distribution of NMJ albums

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Dear IOL/Nigel, I have never come across any of your albums in any record shop, high or low, at any time over the last 16 years or so since I first came across your music. Is this the result of a deliberate policy? I am concerned that your music is not being made available to the wider audience that it undoubtably deserves. Are the terms of independent label distributors too onerous or compromising? Perhaps it is not really comparing like with like (apart from the festival-frequenting background), but even Ozric Tentacles seem to have some arrangement for distributing their sounds to the masses, as a lot of their albums are readily purchasable in any old record store. I would be interested to hear your thoughts on this.

Best wishes, Jim

-- Jim Green (jgreen@westclifflodge.u-net.com), April 11, 2000


Hi Jim, fair points. In the seventies I had a publishing deal. The dark days of any rip off they could pull off. I was advised to get out of it by a famous person who's solicitor pointed out I had signed my life away for nothing in return for twelve years. I was heavily involved through the seventies with anti nuclear protest and as I became aware of the corporate rip off of the human race at all levels I released my own first album because I did not want to be part of that system of corporate rip off. I was not in the trendy London scene so never met the few people who helped other well known names to reach a wider audience with their small labels. The outcome of independance is that unless you have a team of friends to handle the 'product' to market, advertise, push, hussle, plug to radio etc you stood little chance of gaining a wide audience. I have been busy on the road gigging and living so I had little time at home and rarely gave the albums much publicity. When I approached distributors and they had stock they never paid up. They all take stock on sale or return. I got fed up of the system decades ago as I have been pursuing an expressive agenda most of my life and it is an old cliche that artists make lousy administrators. At least I am intact and have never been more creative than the last few years, so compared to some of my fellow musicians I am lucky. I put some of this down to having listened to and followed my intuition. Big record companies treat you as only product and to hell with what your ideals are. No-one has ever been able to gently pursuade me for financial reasons to compromise a lyric, a stance, a perception, a statement or a performance to suit their financial agenda. I have not played the 'game' and relative obscurity is the penalty. You mention Ozrics, well they are a band in a different genre of music and I suppose if my 'sound' was in that genre I would have maybe reached a wider audience, but acoustic views of the world dont command a wide audience generally. I have recorded much that is not acoustic and the records always represented a chance to experiment with other genres, but live I have mostly been solo and the solo format is not a populist one. I am in love with the subtlty of acoustic sounds and my roots started with it. I deal with allsorts of musical textures now and the next cd, 'Planet' brings every type of sound into play. This is a long story of some idealogy and some accidents of fortune but at the end of the day as long as I can listen to what I have played/sung and know it is real and from a deeper place than the wallet, I can live with myself. Anything else would be a waste of time. Songs write themselves out of the ether of accidental coincidences. Some would disagree. They are welcome. Its just the expressions of one human after all but at least I can say its an honest expression. One more thing, I fell in love with animals, wild life and nature at an early age and moved to Cornwall in the seventies. Its true that if you want to reach a wide audience you shouldnt live in Cornwall. So...no mega fame but I do watch the sunrise and sunsets now and then in wild winter, I see the human race as I dive in and out of the cities as I have always done, I get to meet and end up knowing well lots of inspiring people, and I get to see how life really is around the streets here and abroad. If you aint living it you cant write about it. Im happy to have been supported by life to make it this far and still be creating and even more so as time passes. Life seems to sustain me and I am greatful. This is not true for many in this music game. Music is more powerful than many acknowledge. I am happy to have my chance to add alittle to it. Much of lifes potential is as yet unseen. Much like a piece of heart felt music. Hope that helps. Thanks for the dialogue. See the news letter on the website for news of why I am behind with life plans at the moment. Getting there. Be happy. Nigel Lets see if the website, the next albums and the re-release of Ship will help widen the sales/audience. Voice Print are a very good company of idealists and they are helping get the live cd around a bit. Perhaps they will help again with Planet. Who knows what lies...Behind The Stone...Definition...that which is hidden from human view. Be Happy, Nigel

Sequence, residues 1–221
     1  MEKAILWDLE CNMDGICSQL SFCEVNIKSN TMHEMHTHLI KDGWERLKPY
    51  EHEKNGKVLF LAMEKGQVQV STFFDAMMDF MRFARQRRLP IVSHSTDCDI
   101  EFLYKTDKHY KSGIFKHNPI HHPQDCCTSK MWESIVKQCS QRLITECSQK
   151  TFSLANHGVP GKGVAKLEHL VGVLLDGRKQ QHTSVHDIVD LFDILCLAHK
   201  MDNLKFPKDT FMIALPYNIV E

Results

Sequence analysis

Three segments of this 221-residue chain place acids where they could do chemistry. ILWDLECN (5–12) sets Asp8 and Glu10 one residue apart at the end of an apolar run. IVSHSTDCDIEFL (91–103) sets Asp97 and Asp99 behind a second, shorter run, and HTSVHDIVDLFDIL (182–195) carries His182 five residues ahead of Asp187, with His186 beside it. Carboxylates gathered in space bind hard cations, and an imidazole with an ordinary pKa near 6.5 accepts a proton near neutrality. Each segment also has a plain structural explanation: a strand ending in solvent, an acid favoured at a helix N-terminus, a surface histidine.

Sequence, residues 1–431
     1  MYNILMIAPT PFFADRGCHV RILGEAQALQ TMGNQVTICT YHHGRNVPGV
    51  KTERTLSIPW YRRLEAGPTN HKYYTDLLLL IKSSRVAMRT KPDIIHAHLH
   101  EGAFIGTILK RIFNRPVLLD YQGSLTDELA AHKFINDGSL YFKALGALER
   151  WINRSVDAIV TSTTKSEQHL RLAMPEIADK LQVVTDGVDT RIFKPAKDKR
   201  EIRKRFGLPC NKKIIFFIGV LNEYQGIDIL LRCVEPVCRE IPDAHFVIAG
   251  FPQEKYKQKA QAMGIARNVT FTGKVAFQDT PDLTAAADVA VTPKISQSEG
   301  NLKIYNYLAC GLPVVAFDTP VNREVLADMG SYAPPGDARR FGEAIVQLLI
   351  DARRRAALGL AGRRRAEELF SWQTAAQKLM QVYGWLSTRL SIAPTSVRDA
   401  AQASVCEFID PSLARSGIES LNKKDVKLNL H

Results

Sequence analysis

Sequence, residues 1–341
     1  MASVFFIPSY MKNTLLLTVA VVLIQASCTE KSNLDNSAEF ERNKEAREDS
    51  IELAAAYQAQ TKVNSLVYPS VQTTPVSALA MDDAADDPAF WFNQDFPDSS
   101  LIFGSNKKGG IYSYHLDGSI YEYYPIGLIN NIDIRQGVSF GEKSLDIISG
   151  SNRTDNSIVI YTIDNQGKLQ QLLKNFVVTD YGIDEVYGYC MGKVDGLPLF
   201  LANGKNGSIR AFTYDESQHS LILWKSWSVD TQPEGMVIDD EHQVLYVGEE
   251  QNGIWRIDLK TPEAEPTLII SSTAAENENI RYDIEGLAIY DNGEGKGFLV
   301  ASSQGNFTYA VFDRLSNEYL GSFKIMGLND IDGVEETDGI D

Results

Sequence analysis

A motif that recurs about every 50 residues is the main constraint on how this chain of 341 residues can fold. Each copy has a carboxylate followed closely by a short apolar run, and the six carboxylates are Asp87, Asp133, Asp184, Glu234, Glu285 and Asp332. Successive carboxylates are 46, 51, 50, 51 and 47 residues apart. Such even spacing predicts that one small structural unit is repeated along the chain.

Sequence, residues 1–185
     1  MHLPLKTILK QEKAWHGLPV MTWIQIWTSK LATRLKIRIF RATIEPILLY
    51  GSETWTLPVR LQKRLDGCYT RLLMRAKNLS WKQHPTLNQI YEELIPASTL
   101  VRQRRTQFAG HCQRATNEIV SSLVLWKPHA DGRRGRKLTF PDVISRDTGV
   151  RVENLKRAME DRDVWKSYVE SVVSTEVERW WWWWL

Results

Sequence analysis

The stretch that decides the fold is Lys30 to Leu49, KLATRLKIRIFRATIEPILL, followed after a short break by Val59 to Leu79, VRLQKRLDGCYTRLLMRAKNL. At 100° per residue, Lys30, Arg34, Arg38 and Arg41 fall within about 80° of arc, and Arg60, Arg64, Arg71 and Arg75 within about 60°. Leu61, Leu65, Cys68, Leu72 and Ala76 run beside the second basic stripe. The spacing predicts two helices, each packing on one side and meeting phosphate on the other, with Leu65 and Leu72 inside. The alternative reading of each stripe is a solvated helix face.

-- Nigel Mazlyn Jones (iol@cerbernet.co.uk), August 02, 2000.

Dear Nigel, thanks for your very full and illuminating response to my question. I fully support your ethical stance and desire for artistic fredom.Also, thanks for the definition of 'Behind the Stone' - I was wondering what it was all about! Best wishes, Jim

-- Jim Green (jgreen@westclifflodge.u-net.com), August 03, 2000.

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